Nutrition Realm
Metabolism & Weight Loss

The Metabolism Series: Understanding Metabolism & Weight Loss

weight loss and metabolism

Welcome to the third article of the Metabolism series on Nutrition Realm. If you've missed the other two articles I've published in the series Please make sure to read them as I've attached them below:

Metabolism. There isn’t perhaps a more frequently used word in the weight loss (and weight gain) vocabulary than this. Indeed, it’s not uncommon to overhear people talking about their struggles – or triumphs – over the holiday bulge or love handles in terms of whether their metabolism is working, or not.

Thrive Leads Shortcode could not be rendered, please check it in Thrive Leads Section!

​Doctors, too, often refer to metabolism when they try and explain why starvation and water-loss diets aren’t scientifically of medically responsible; since, alas, they do not influence or take into account metabolism (there’s that word again!).

So, for all of the usage that this rather daunting and biologically charged word enjoys in our world, you’d comfortably assume that people understand it, right? Or, at least, they have some fundamental information when it comes to how to speed up their metabolism, right?

Wrong!​

Your Misconception Towards Metabolism

Regrettably, many people simply don’t understand the concept of metabolism and metabolic change. This, equally as regrettably, is hardly their fault.

​Many people (quite understandably) mistake their own weight gain and loss episodes as a matter of metabolic change. Sometimes this is true, and sometimes it isn’t.

For example, as we will discuss in this article series, there are scientific ways to increase the rate of metabolic change, and thus enable the body to burn more calories.

​Eating certain foods more frequently is one way to do this (again, we look closer at these in this book). Yet another way to visibly lose weight – at least on a perceived, temporary level – is to sit in a steam room for a few hours.

metabolism and healthy eating

Whereas the former method (eating the right foods) is a real, proven weight loss method through increased metabolic change, the latter method (the steam room) is just temporary because the lost weight is merely water, and will return as swiftly as it “melted away”.

​The point to remember here is that some people mistake their own weight loss attempts as being related to metabolic change; and, as you can see with the steam room example, that isn’t always the case.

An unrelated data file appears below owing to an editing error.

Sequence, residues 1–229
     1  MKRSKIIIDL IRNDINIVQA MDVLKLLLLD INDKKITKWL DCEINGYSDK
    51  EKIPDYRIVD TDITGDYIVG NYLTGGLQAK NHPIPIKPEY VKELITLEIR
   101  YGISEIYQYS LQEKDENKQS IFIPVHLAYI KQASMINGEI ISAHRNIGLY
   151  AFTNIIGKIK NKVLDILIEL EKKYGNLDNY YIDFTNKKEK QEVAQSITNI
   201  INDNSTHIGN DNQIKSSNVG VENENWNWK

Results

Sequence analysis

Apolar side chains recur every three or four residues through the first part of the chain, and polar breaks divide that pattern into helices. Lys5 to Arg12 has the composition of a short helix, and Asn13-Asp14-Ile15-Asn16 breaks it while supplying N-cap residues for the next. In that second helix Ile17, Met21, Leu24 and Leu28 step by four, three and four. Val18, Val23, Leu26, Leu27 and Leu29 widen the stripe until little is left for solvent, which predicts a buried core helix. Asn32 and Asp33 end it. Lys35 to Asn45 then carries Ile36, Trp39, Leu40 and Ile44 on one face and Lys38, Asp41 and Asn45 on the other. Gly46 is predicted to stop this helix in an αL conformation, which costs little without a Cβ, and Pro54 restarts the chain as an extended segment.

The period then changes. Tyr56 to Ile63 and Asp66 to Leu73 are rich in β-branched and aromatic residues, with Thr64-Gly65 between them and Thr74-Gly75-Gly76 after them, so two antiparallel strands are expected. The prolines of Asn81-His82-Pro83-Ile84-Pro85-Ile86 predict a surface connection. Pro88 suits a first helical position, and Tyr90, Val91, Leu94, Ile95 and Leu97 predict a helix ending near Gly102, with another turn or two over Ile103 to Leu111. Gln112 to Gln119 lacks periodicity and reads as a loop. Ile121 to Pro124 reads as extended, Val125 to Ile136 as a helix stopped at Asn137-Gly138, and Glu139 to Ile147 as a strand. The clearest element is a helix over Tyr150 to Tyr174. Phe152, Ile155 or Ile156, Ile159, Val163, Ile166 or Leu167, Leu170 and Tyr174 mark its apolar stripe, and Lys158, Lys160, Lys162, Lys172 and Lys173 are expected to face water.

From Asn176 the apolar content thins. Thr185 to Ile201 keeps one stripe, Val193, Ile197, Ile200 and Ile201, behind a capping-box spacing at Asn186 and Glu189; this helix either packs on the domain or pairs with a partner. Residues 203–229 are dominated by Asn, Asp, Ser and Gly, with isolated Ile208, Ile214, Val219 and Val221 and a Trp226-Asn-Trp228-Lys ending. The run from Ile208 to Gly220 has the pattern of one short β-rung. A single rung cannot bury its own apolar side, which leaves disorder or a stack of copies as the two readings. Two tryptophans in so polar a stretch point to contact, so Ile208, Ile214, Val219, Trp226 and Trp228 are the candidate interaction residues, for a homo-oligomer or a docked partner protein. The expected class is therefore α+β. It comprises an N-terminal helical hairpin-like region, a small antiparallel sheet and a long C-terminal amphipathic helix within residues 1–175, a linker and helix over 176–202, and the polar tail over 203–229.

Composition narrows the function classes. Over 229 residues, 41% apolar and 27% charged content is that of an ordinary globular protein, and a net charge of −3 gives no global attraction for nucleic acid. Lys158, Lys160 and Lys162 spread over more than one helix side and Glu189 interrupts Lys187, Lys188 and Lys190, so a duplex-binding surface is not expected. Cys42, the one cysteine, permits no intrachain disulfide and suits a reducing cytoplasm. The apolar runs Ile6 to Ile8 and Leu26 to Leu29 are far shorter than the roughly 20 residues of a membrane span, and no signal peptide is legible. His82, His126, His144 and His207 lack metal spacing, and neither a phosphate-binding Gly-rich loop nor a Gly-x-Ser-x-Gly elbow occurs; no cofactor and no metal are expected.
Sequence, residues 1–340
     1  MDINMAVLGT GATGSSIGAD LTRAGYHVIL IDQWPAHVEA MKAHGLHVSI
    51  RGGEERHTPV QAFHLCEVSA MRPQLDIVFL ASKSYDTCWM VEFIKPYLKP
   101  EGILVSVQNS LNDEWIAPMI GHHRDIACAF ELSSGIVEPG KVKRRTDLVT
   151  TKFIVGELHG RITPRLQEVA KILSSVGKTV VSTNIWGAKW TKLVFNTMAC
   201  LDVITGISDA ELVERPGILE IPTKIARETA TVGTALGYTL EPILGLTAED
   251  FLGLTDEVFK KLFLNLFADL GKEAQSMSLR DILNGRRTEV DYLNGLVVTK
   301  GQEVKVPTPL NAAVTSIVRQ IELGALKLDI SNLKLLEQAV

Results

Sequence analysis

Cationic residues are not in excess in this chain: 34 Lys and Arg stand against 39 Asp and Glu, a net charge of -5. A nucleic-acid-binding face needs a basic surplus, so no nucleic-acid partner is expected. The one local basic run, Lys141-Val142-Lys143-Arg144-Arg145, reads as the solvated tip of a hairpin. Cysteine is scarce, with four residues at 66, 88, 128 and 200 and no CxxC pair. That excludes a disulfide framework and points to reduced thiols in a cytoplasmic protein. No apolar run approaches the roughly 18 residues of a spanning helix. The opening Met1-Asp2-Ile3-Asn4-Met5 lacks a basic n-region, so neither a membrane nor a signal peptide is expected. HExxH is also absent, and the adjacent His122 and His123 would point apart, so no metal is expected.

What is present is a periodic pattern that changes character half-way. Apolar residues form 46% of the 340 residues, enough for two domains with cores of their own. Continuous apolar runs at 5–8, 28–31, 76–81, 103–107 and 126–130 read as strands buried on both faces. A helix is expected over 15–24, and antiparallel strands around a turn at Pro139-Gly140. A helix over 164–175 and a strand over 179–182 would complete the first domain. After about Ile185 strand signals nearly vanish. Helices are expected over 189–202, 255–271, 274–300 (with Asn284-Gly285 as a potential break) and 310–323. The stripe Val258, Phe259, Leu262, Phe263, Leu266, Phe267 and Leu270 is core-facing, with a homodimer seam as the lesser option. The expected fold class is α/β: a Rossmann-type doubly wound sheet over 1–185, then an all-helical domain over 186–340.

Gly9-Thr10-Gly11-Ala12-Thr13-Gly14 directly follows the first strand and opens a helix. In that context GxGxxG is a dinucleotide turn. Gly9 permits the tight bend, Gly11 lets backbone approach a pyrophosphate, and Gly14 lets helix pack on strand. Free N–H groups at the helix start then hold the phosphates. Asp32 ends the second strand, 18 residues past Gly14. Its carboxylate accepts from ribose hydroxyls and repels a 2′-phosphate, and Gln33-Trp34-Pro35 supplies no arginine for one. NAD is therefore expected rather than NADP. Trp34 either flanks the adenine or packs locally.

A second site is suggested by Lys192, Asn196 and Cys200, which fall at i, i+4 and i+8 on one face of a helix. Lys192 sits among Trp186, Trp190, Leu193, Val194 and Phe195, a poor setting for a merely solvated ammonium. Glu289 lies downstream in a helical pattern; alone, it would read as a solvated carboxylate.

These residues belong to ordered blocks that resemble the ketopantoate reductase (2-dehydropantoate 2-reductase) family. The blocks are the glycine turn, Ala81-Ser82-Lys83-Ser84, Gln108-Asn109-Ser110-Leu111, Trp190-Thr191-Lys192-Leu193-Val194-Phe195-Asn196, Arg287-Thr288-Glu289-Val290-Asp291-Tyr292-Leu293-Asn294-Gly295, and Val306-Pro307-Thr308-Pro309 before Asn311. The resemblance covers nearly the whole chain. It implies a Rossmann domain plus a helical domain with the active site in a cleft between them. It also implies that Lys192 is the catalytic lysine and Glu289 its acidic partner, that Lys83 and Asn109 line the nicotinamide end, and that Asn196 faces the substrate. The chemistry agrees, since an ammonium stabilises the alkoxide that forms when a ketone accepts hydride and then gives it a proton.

Metabolism and Weight Loss

By now, you already have a sense of how metabolism relates to weight loss (catabolic metabolism, or breaking cells down and transforming them into energy).



To understand this process even more clearly, we can introduce a very important player in the weight loss game: the calorie.

Calories



Calories are simply units of measure. They aren’t actually things in and of themselves; they are labels for other things, just like how an inch really isn’t anything, but it measures the distance between two points.



So what do calories measure? Easy: they measure energy. Yup, the evil calorie – the bane of the dieter’s existence – is really just a 3-syllable label for energy. And it’s important to highlight this, because the body itself, despite its vast intelligence (much of which medical science cannot yet understand, only appreciate in awe) does not really do a very intelligent job of distinguishing good energy from bad.

high calories food



Actually, to be blunt, the body doesn’t care about where the energy comes from. Let’s explore this a little more, because it’s very important to the overall understanding of how to boost your metabolism, particularly when we look at food choices.



In our choice-laden grocery stores, with dozens of varieties of foods – hundreds, perhaps – there seems to be a fairly clear awareness of what’s good food, and what’s bad or junk food.